I'm using my own book as an example in this posting, but so you don't think it's merely for shameless self-promotion, I won't use the title. But, seeing copies of the book for sale online has me wondering how this online used bookselling game works.
My most recent book carries a cover price of $19.99 and that's what you'll pay at bricks and mortar shops. Some retailers sell it a little more inexpensively and online-only vendors go even lower. The latter is also true of bricks and mortar megastores like Costco.
I get all that. What I don't understand is the trade in used copies of the book. For example, from Amazon, you can buy the book new for $15.16. Amazon vendors sell new copies for $11.16.
The cheapest used copies from Amazon vendors sell for $12.86. Who wants to pay nearly $2 more for a used copy than a new one?
And even more baffling are the two vendors selling used copies for $30.77 and $31.41! Who in their right mind would pay $31.41 for a used copy of a book that retails new for – at most – $19.99?!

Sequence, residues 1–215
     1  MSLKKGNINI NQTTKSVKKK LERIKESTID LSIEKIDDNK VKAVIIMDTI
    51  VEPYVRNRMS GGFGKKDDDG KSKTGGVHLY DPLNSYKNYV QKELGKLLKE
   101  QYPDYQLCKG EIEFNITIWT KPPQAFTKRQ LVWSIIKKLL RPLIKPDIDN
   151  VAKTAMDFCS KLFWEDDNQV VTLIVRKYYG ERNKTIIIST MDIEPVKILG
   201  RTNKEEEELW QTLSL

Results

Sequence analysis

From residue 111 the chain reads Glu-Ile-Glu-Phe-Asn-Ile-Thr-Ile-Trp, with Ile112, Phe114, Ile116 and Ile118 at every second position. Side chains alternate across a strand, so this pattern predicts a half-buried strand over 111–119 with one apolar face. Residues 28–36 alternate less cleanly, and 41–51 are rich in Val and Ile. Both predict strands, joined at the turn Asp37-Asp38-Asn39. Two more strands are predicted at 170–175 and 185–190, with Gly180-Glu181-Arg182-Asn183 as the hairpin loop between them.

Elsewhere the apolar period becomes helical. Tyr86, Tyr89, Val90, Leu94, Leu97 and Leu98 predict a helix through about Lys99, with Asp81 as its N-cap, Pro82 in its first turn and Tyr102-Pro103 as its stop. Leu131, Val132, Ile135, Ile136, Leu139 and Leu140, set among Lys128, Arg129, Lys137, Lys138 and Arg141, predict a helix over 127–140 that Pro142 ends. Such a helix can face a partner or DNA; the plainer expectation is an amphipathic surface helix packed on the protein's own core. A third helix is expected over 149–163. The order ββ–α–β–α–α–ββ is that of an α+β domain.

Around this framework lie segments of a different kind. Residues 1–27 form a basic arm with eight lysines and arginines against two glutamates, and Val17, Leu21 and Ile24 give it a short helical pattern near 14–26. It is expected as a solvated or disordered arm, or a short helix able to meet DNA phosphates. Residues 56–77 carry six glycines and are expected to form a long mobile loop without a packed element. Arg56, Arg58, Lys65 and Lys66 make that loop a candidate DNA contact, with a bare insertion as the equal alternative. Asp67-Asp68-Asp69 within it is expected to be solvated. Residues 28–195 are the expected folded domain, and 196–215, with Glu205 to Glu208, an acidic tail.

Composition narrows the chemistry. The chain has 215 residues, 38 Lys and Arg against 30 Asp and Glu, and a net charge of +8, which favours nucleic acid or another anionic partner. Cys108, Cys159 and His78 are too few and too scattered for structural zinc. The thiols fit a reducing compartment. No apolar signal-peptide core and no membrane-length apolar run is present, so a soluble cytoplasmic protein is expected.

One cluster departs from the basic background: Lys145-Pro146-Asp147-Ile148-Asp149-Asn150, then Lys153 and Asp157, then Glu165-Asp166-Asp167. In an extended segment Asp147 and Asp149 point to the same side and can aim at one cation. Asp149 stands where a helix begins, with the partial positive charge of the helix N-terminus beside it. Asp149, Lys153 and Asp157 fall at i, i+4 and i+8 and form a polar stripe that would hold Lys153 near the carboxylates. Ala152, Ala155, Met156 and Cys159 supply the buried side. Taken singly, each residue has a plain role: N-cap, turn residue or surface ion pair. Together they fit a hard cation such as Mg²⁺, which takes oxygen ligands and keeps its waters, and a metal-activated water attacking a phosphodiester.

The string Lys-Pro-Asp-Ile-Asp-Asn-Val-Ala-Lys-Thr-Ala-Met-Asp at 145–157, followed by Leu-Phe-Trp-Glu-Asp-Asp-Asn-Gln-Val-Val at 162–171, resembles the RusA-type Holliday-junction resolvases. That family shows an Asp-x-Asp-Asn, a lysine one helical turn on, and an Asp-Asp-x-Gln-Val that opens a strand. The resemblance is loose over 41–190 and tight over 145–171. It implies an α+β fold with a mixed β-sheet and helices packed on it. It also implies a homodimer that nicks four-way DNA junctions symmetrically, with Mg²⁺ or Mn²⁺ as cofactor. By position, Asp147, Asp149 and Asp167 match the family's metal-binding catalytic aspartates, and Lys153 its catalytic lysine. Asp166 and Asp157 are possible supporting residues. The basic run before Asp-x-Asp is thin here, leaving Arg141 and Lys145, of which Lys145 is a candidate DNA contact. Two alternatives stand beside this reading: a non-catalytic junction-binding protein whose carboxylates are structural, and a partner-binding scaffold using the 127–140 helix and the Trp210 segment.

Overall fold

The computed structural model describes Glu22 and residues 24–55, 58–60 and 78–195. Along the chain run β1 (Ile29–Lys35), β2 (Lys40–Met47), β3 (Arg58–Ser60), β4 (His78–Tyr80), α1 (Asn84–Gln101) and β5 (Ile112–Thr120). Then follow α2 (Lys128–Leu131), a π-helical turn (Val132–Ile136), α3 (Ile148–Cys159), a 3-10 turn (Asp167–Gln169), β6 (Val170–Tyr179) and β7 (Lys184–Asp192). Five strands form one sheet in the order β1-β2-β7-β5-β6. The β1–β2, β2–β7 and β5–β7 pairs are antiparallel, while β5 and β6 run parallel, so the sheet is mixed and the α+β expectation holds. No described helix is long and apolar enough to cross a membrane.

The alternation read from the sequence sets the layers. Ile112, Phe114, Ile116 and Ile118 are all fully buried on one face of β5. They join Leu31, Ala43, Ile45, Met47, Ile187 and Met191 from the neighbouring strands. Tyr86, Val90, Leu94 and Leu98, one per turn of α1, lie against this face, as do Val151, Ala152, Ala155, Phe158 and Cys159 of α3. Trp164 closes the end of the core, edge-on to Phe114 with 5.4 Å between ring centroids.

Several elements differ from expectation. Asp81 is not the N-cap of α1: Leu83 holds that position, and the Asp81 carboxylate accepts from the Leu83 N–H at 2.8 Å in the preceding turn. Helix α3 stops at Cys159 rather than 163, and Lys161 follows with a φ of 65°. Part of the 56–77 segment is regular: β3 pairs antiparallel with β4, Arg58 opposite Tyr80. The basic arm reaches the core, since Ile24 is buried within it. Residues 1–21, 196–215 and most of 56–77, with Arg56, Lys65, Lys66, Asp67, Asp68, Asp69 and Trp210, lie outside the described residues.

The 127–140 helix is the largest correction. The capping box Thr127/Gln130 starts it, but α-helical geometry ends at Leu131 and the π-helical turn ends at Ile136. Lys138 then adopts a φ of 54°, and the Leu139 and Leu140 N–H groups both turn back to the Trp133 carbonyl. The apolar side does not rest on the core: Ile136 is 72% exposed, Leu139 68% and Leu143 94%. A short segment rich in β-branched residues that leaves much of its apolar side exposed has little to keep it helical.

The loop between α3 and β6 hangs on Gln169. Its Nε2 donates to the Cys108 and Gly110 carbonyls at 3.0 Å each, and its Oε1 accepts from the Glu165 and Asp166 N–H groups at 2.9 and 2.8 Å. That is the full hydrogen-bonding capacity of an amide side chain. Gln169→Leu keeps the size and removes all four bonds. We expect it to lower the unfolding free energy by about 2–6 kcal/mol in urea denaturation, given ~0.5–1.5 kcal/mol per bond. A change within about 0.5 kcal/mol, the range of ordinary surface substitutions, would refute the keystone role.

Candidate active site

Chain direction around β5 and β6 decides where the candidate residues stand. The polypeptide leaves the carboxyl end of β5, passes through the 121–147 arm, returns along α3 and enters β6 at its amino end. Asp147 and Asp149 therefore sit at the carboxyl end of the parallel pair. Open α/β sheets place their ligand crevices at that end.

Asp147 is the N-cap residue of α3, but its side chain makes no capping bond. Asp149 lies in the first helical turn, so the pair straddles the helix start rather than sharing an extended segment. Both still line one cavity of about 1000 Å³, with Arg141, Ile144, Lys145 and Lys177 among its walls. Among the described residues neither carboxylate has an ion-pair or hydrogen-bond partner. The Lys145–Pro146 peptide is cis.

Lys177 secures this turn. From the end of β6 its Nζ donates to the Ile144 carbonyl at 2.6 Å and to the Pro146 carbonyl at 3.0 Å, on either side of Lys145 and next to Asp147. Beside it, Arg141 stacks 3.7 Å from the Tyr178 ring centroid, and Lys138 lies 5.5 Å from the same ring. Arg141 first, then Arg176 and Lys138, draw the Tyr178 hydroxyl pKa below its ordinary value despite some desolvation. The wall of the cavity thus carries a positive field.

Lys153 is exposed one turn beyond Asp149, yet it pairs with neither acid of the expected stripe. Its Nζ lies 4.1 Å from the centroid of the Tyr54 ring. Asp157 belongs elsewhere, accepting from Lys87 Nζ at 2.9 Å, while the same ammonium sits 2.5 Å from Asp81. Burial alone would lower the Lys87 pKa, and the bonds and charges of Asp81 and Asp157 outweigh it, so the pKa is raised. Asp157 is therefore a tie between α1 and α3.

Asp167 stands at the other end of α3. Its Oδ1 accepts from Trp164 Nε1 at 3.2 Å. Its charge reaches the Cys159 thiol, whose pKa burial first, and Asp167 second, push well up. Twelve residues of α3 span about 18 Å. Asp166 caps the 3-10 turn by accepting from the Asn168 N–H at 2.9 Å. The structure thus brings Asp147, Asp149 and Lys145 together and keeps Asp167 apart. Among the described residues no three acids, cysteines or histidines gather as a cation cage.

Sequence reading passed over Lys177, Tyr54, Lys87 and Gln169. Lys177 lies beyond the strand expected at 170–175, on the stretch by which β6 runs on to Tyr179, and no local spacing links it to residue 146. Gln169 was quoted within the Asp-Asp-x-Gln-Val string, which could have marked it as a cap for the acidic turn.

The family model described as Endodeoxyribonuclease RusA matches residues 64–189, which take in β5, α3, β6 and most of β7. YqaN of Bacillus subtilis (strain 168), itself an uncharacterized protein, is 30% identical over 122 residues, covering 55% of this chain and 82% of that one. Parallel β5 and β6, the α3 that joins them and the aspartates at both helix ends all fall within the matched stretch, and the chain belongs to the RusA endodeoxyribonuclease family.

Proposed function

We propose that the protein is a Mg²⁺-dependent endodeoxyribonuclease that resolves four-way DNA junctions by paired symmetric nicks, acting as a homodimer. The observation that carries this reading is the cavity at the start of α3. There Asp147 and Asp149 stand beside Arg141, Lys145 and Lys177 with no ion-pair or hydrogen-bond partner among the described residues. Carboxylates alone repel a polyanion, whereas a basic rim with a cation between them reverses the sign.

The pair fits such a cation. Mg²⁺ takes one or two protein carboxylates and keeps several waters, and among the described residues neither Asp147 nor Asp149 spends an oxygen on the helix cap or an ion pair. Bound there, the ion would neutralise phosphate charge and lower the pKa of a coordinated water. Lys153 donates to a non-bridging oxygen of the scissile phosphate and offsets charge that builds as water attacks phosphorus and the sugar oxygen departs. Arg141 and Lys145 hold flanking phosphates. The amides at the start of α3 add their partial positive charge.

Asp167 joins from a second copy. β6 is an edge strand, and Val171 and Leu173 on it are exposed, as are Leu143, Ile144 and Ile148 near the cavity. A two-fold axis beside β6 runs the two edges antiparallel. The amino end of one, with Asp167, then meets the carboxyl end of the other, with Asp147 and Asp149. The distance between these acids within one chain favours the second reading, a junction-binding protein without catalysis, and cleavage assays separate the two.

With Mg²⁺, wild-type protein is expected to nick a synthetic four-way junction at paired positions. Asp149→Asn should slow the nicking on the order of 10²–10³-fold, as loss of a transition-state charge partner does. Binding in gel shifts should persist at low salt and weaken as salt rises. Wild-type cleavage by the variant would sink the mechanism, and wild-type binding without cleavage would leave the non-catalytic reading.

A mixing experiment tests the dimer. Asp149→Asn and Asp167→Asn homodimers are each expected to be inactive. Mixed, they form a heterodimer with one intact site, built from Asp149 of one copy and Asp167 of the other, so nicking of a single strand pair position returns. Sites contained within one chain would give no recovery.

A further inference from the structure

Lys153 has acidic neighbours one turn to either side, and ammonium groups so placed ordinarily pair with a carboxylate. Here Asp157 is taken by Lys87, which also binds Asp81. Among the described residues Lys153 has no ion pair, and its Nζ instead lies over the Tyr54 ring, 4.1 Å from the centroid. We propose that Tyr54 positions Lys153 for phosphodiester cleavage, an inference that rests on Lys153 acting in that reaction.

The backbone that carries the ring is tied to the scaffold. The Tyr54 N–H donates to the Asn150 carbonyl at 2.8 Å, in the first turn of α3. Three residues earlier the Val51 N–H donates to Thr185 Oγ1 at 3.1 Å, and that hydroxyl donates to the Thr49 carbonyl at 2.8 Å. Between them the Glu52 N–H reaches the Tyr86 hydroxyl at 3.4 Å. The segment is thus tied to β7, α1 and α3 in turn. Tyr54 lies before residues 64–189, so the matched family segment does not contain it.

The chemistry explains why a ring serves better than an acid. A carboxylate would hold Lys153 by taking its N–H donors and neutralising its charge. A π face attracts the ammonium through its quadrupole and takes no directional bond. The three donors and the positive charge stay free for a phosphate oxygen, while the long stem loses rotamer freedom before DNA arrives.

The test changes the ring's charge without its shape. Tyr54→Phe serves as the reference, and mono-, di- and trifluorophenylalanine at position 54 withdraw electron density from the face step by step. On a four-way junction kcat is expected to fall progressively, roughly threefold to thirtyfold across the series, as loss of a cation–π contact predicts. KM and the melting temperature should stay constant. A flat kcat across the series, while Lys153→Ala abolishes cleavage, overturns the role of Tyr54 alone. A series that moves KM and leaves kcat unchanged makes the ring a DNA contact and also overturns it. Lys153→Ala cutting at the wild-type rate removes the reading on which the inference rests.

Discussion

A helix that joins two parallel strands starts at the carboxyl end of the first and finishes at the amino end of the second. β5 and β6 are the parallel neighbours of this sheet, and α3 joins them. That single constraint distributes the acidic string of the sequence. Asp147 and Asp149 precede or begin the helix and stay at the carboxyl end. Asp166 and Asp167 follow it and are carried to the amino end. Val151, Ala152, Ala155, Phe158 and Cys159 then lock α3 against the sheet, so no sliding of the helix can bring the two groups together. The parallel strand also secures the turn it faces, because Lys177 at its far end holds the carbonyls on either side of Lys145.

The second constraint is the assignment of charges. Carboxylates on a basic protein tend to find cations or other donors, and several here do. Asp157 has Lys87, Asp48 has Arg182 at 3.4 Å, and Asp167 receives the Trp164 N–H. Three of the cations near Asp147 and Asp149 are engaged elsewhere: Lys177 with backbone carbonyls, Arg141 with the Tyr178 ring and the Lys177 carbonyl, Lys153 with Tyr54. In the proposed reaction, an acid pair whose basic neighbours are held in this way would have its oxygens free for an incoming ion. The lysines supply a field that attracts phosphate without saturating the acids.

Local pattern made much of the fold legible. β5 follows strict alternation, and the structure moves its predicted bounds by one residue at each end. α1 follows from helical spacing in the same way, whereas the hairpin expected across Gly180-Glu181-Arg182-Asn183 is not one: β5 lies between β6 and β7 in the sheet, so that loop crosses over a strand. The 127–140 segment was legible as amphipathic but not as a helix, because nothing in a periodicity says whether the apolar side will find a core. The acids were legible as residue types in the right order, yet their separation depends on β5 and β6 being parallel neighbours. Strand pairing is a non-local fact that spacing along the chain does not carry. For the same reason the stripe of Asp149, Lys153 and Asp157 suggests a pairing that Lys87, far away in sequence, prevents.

And on top of it all, you get the pleasure of paying about $4 in postage.
I see this all the time at online used booksellers. There will be multiple copies of a title available, ranging in price from under $1 to sometimes more than $100.
Considering no one is likely to buy these insanely overpriced copies of books, why do vendors even bother listing them? Can someone please explain this to me?
And if you want to buy my unnamed book, I recommend you go to Boswell Books on Downer Avenue and support local independent retailers.